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hello all
Went through and did a proforma 2018 tax return and it seems clear, we will be taking the standard deduction for 2018. This is the first time we've taken the standard deduction in a very long time. But we are about 4 years away from paying off our mortgage which means our mortgage interest will likely be about $3,000 for 2018, our property taxes on two home maxed out the $10K for state income + property taxes, our total medical will be below 7.5% of AGI even with paying both our Medicare Advantage 2019 premiums in a lump sum in December 2018, leaving charitables...which I calculated I'd have to make at least a $13,500 charitable contribution just to have our itemized = Standard deduction of $26,600!

Of course, there are other itemizable deductions others may have. So just curious who else may have looked at this for 2018.
I itemized for 2017 and will likely itemize for 2018
I itemized for 2017 and will likely take the Standard Deduction for 2018
I took the Standard Deduction for 2017 and will do the same for 2018
I took the Standard Deduction for 2017 but will likely itemized for 2018
Not sure

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My meds will exceed the 7.5% AGI. No mortgage interest. Property tax and state income tax less than $10K, but I'll come close to 50% of AGI for charitable donations this year, so I'll itemize. Donating a lot of inherited books to a historical society museum so can deduct stepped up basis.
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I picked option 1: I itemized for 2017 and will likely itemize for 2018

but actually, I will try it both ways and pick the cheapest.
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The $13K+ is a large amount to itemize.

For those that are closer to itemizing and do donate to charities a donor-advised fund (DAF) can decouple when contributions are make for a tax deduction and when the donation to the charity is made. Especially, if appreciated assets are used for the contribution to the DAF.

Contributions equivalent to multiple years of donations can be made in one tax year. This may allow itemizing in the years contributions are made and then the standard deduction is used in other years. The actual donations from the DAF can be made over multiple years. Your annual donations to charities can be consistent while the tax deduction is concentrated.

Commonly, it is appreciated stock that is used to fund the DAF. A deduction for the market value can be taken without the capital gain being taxable income.

DAFs cannot accept Qualified Charitable Distribution from an IRA.
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For a couple of years until I qualify for Medicare my health insurance is expensive. There are also medical expenses associated with being inattentive while walking. Health insurance costs plus taxes, dental, vision and donations will cause us to itemize.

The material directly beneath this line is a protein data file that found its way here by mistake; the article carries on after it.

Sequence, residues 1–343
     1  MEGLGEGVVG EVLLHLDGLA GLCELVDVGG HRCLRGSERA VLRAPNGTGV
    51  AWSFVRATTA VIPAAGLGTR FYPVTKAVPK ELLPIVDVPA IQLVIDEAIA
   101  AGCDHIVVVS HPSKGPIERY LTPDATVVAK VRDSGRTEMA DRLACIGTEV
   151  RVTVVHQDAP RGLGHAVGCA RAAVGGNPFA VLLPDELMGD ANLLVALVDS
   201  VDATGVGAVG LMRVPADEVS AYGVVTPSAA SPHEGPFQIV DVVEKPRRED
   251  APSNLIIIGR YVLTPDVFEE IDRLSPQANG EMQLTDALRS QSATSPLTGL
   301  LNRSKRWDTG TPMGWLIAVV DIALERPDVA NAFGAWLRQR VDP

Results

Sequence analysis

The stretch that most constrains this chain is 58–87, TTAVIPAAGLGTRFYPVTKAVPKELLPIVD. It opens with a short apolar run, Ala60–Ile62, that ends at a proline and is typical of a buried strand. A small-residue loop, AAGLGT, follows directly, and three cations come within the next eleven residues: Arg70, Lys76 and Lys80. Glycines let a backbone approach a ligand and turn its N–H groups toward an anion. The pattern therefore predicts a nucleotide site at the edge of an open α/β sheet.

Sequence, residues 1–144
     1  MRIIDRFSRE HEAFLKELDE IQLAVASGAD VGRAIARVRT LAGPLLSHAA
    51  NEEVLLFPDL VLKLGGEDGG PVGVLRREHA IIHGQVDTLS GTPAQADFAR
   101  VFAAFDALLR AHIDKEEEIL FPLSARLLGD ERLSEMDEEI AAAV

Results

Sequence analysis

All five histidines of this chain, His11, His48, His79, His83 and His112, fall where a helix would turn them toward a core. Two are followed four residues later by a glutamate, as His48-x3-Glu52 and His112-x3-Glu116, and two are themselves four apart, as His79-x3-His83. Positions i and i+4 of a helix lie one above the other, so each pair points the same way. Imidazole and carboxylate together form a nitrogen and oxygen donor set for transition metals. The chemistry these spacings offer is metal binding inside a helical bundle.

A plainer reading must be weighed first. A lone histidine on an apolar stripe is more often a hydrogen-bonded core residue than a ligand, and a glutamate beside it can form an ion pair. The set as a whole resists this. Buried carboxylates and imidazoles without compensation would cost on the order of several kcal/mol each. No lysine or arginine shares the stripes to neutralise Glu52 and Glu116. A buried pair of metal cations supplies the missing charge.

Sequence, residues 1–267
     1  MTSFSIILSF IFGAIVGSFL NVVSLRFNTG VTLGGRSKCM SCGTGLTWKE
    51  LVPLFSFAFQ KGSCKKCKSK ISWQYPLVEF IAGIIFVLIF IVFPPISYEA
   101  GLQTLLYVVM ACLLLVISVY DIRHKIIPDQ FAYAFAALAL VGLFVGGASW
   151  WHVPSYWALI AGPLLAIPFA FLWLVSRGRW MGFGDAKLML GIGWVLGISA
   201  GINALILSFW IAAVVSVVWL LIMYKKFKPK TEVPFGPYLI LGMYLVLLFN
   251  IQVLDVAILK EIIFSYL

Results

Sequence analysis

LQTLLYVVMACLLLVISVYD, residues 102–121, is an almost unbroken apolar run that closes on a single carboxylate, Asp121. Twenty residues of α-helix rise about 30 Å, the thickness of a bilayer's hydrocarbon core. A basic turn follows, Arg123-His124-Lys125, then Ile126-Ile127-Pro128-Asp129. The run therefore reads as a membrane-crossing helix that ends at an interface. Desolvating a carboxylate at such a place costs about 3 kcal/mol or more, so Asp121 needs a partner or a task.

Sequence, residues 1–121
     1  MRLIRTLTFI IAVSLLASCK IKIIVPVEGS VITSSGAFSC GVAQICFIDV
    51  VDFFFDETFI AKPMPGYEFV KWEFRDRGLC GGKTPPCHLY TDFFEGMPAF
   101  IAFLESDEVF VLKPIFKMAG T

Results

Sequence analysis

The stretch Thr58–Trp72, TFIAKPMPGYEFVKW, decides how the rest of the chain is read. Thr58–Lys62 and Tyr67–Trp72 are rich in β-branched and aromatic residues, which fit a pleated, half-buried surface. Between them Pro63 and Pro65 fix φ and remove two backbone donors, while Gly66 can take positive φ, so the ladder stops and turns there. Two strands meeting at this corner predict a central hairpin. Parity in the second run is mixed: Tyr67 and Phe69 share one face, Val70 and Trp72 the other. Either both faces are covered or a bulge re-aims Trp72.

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For a couple of years until I qualify for Medicare my health insurance is expensive.

I do qualify for Medicare but, as with Social Security that does not cover all my living costs, so Medicare does not cover all my medical expense costs.

Each is better than nothing, but do not expect your medical expenses to decrease when you are on Medicare. Big copays, big deductibles, large numbers of specialists who do not take Medicare, etc.
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I have filed itemized Federal and state income tax returns for the 46 years prior to the 2018 Tax Year. After reading the Tax Cuts and Jobs Act (TCJA), it was clear that I could no longer file an itemized tax return. I was stuck taking the standard deduction plus the additional standard deduction for those over 65.

I can't take the medical expense deductions as the Medicare Advantage premiums for my wife and I only come to $3,216. Our premiums would need to more than triple to get over the 7.5% threshold as a result of RMD.

Mortgage interest expense deduction? Once you're 75% through the mortgage loan term, the deduction has little value. I paid off the mortgage 15 years ago.

The "SALT" deductions? Due to California's Proposition 13, my property taxes are around $1,700 and too low to be a meaningful deduction. California state income tax is roughly $1,000 more than my property tax.

The miscellaneous expense deductions that were suspended by the TCJA were the deductions that have been most valuable to me over the last 20-25 years. In 2017, I was able to claim a little over $31,000 in miscellaneous expenses. The deductions will be sorely missed in the 2018 tax year.
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Property tax and state income tax less than $10K, but I'll come close to 50% of AGI for charitable donations this year, so I'll itemize.

As a non-cash donation is it limited to 30% of your AGI?
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That's right. But a cash contribution under TCJA is increased to 60 per cent of AGI. Any contributions in excess of this may be carried forward a Max of 5 years to be used on future tax returns.